The advantage to a seperate /home is keeping your .config files for various software from distro to distro. The disadvantage is the same as the advantage. By partitioning seperately for your user data (typically: video, music, isos, downloads) you make it easy to backup this junk, even easier to backup /home, and you simply create symlinks between the data partition and /home/user for folders that you want directly accessable. This also makes it much much easier to share multimedia or other big file libraries between different users. This also makes it much easier to encrypt, hide, or otherwise make invisible files that you don't want visible.

I suggest layout #2, and further suggest that you configure TWO seperate 12gig "/" partitions. Use one for your primary OS install. Use the other with grub for an alternate OS install, or a "dirty" OS install to field test software packages. It is a very good thing to be able to test drive software in a "safe" environment.
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Re: How To: Partition your Hard Drive.

Postby Eric Weir on Wed Jun 11, 2008 9:18 pm

AK Dave wrote:Do you have specific application reasons to actually need seperate partitions for /var and /usr?
No. I was just going with what the guy back at the beginning of the thread, the one with long experience as a Unix system administrator, recommended.

This is suggestion #2:
Primary (sda1) swap swap 2gig
Primary (sda2) ext3 / 12gig
Primary (sda3) ext3 /home 1gig
Extended
- Logical (sda5) ext3 (the rest of the drive)

If I read you correctly, this is how I have my system at this time, i.e., prior to the fresh install I' planning, and the way I would have partitioned it in the fresh install if I hadn't come across the suggestions at the beginning of this thread.

As I understand it, you've basically got three usable partitions, sda1/swap, sda2/root, and sda3/sda5/home. I don't understand why sda3 is needed. [Actually, my current install has only sda3/home (the rest of the drive)].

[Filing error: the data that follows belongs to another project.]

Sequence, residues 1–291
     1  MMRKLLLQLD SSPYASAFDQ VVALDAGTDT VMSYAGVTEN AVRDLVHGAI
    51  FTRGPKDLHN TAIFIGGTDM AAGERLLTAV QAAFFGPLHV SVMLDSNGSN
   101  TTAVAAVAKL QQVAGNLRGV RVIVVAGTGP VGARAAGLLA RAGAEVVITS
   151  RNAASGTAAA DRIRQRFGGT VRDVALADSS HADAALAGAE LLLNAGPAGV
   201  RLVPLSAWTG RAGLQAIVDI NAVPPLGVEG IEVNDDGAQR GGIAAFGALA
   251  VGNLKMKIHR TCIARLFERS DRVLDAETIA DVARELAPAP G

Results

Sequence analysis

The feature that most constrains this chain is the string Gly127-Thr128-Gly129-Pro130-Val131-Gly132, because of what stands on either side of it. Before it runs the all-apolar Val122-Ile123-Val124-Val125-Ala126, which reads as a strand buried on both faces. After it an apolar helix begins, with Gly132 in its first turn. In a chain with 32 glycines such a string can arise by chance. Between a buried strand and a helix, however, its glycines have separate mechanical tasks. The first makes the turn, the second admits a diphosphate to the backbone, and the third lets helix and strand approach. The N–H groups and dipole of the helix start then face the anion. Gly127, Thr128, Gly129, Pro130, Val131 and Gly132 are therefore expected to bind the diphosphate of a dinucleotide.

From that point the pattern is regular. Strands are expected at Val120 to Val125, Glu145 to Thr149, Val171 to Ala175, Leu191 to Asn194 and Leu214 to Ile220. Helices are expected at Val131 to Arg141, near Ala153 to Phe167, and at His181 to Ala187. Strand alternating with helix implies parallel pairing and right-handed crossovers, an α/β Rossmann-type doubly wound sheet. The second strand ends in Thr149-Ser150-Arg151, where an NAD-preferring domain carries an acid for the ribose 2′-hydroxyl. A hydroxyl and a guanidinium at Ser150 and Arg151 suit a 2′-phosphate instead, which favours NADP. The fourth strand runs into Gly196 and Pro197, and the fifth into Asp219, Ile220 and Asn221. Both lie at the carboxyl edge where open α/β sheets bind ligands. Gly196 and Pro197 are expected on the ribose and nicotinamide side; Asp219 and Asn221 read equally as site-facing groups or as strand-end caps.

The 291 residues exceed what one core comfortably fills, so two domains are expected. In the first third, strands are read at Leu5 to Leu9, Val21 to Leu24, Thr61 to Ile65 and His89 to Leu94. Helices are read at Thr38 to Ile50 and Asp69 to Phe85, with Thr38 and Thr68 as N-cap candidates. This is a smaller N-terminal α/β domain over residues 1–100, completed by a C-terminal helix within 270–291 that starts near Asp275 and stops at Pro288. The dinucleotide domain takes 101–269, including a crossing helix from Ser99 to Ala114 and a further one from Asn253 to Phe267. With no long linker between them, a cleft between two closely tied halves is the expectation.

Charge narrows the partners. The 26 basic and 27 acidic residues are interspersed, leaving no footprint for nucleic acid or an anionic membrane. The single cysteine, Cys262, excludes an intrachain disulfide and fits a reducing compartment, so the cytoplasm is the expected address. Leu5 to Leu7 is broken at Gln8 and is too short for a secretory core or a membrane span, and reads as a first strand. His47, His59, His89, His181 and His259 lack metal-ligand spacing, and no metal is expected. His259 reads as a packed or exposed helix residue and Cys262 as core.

Also unclear about the primary, extended, and logical distinctions and relations among them.

I suggest layout #2, and further suggest that you configure TWO seperate 12gig "/" partitions. Use one for your primary OS install. Use the other with grub for an alternate OS install, or a "dirty" OS install to field test software packages. It is a very good thing to be able to test drive software in a "safe" environment.

Makes sense. However, my machine has only 40 Gb drives. I'm probably going to be getting a new machine soon, and I'll keep this in mind for then. The second 12Gb partition comes immediately after the first?

My last question. I have two 40 Gb drives. I want to use the second for backing up data. It will have only one partition. Any problem with that? And how do I mount it?

Since you mounted both of your 12 Gb partitions as "/," can I mount it as /home? I.e., can I have two /home partitions? [I didn't know how to mount it last time, so I didn't, and as a result I don't have access to it.]

I really appreciate your help.

Sincerely,
Eric Weir
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Re: How To: Partition your Hard Drive.

Postby AK Dave on Thu Jun 12, 2008 12:29 am

Two drives? 40gb each?

Put the OS on one drive, the swap at the root of the other drive. Why? Because when the drive with binaries is working hard, the other drive will be at rest so a swap based at the root of this idle drive will be accessed quicker than one based anywhere on the busy drive.

Primary/Extended/Logical. Your drive can only have 4 Primary partitions. One Primary partition can be an Extended partition. An Extended partition can have one or many Logical partitions.